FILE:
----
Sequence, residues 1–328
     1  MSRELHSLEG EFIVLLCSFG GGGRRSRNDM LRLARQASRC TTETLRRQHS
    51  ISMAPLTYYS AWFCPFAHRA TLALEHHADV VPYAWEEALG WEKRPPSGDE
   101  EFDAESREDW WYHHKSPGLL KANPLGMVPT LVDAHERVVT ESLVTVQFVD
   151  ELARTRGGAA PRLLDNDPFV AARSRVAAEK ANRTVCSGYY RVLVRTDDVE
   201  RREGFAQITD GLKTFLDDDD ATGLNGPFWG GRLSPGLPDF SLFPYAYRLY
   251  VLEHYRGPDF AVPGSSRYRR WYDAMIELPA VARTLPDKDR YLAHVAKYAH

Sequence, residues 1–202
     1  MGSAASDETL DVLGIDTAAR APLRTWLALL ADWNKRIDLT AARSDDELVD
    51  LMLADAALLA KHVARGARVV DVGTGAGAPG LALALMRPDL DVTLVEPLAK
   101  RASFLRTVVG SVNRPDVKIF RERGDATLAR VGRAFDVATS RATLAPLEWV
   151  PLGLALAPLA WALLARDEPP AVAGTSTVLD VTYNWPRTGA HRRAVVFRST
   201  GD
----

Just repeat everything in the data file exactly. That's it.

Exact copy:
Sequence, residues 1–328
     1  MSRELHSLEG EFIVLLCSFG GGGRRSRNDM LRLARQASRC TTETLRRQHS
    51  ISMAPLTYYS AWFCPFAHRA TLALEHHADV VPYAWEEALG WEKRPPSGDE
   101  EFDAESREDW WYHHKSPGLL KANPLGMVPT LVDAHERVVT ESLVTVQFVD
   151  ELARTRGGAA PRLLDNDPFV AARSRVAAEK ANRTVCSGYY RVLVRTDDVE
   201  RREGFAQITD GLKTFLDDDD ATGLNGPFWG GRLSPGLPDF SLFPYAYRLY
   251  VLEHYRGPDF AVPGSSRYRR WYDAMIELPA VARTLPDKDR YLAHVAKYAH

Sequence, residues 1–202
     1  MGSAASDETL DVLGIDTAAR APLRTWLALL ADWNKRIDLT AARSDDELVD
    51  LMLADAALLA KHVARGARVV DVGTGAGAPG LALALMRPDL DVTLVEPLAK
   101  RASFLRTVVG SVNRPDVKIF RERGDATLAR VGRAFDVATS RATLAPLEWV
   151  PLGLALAPLA WALLARDEPP AVAGTSTVLD VTYNWPRTGA HRRAVVFRST
   201  GD